Last week, I expressed some cautious optimism here about reforms in the mining sector in the eastern Congo. I received quite a bit of feedback on various issues, which merit another posting to clarify some issues.
First, “cautious” is the operative word. The Congolese export ban (September 2010 – March 2011) and the US electronic industry’s embargo of untraced minerals (April 2011 – present) have caused major job losses in the Kivus, as well as played into the hands of a select elite of military commanders, including ICC-indictee Bosco Ntaganda. It is, however, important to point out that neither initiative was caused directly by the Dodd-Frank legislation in the US. Rather, the export ban was decreed by the Congolese presidency, while the industry embargo was an aggressive interpretation of the US legislation. Dodd-Frank call for companies to carry out due diligence and to report their findings; the OECD guidelines call on companies to minimize the risk of financing armed groups.
Secondly, the Malaysia Smelting Corporation (MSC), which I had reported as having signed a deal for the largest tin mines in the Kivus, has not yet officially concluded a deal. A large Congolese delegation visited Malaysia earlier this year, and MSC and their Belgian partners Traxys then came to meet with President Kabila. A “confidentiality agreement” was signed with MSC regarding the Sakima concessions in Maniema, a good place to start as most of the mines there are removed from the main areas of conflict. In addition, MSC has not yet given $10 million for certification an tracing schemes, although the mining minister says they have agreed to fund these initiatives.
Furthermore, I gave the wrong impression with regards to the ITRI-led tracing schemes in the Kivus. These schemes, which the government intends to use as part of an official certification plan, do entail provisions for detecting armed group involvement in mining. Several local stakeholder committees have been set up in North Kivu, South Kivu and Katanga composed of relevant local actors. They compile information regarding mining supply chains and send them to a risk assessor – a kind of auditor – based in Brussels, Channel Research. This assessor conducts field visits, as well, and makes their information public (aside from confidential commercial information).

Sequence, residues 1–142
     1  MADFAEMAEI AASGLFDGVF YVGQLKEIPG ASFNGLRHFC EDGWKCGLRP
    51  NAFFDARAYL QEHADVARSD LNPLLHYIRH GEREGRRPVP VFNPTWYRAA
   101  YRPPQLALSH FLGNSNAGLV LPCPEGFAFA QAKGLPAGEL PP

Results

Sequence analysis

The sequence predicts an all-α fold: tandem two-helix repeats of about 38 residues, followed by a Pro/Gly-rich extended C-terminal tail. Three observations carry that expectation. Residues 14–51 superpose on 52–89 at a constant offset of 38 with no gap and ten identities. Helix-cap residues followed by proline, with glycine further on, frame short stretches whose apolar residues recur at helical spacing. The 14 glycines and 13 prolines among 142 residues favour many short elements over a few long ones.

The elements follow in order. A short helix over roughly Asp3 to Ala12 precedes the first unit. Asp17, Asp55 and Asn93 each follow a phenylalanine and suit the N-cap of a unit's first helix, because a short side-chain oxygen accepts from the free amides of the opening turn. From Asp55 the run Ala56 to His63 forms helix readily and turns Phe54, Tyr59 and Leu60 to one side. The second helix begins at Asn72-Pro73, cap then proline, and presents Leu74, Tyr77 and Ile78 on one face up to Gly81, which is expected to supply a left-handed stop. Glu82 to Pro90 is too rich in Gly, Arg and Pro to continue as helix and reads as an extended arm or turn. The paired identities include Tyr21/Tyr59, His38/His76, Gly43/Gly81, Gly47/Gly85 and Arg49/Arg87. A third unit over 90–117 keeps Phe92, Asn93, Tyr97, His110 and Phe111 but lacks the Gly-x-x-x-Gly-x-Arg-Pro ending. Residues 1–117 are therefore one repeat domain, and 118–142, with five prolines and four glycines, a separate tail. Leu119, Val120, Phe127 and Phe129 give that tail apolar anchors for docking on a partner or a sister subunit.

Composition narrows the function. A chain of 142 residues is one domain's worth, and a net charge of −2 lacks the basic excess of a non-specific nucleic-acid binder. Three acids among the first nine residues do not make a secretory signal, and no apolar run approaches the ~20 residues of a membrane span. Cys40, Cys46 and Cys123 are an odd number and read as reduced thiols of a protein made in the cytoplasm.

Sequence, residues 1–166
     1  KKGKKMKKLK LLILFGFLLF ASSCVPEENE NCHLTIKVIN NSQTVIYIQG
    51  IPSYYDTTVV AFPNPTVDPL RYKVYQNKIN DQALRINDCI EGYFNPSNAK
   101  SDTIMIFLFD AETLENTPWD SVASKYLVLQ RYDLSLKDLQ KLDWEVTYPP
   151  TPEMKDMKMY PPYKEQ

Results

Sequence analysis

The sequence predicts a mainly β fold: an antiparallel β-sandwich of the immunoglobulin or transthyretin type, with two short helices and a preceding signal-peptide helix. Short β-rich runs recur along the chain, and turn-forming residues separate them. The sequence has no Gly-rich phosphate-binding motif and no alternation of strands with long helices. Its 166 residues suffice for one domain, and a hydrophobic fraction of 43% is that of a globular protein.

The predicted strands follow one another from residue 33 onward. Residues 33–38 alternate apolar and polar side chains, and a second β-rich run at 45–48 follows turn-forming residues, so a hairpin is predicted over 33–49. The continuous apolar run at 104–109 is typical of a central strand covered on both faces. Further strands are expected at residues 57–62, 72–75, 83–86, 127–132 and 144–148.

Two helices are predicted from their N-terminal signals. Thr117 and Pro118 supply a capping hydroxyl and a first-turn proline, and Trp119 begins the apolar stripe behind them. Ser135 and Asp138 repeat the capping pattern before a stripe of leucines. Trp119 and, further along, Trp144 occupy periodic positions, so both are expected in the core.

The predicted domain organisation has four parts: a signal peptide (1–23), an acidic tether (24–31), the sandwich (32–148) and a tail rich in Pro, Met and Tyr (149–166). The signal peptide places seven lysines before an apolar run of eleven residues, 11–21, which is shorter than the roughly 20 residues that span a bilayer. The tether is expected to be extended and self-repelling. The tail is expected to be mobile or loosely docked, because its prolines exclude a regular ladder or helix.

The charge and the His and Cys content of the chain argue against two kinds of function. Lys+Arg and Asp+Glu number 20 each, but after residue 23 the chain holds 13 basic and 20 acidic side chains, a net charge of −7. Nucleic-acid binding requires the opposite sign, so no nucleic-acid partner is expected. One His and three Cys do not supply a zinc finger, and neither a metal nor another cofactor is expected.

Critics have pointed out that, while these ITRI provisions are good first steps, they are still an industry initiative – while technically Channel Research can make whatever recommendations it likes, it is still being paid by its business partners. (For the deficiencies of these kinds of schemes, see this Washington Post article about in-house audits). In addition, uncovering collusion with armed groups requires in-depth investigation, which local shareholder groups may not be able to carry out.
Where do we go from here? There will be a meeting of the Electronic Industry Citizenship Coalition in late June to discuss how to deal with trade from the region. Also, the latest group of experts’ report (more on that later) has an update on the centres de négoce set up by the UN and Congolese government to monitor the mineral trade, with three of the five proposed centers set up (Isanga, Rubaya and Mugogo). These centers are also supposed to carry out investigations about the militarization of the supply chains they deal with, and we should soon be seeing the first fruits of their work.
These initiatives are still, however, lacking. For all their talk, neither the US State Department nor the industry have put real money into either certification or oversight schemes in the Kivus. While military units are slowly pulling out of some areas – including perhaps the vital Bisie mine – they still retain their control over most other areas.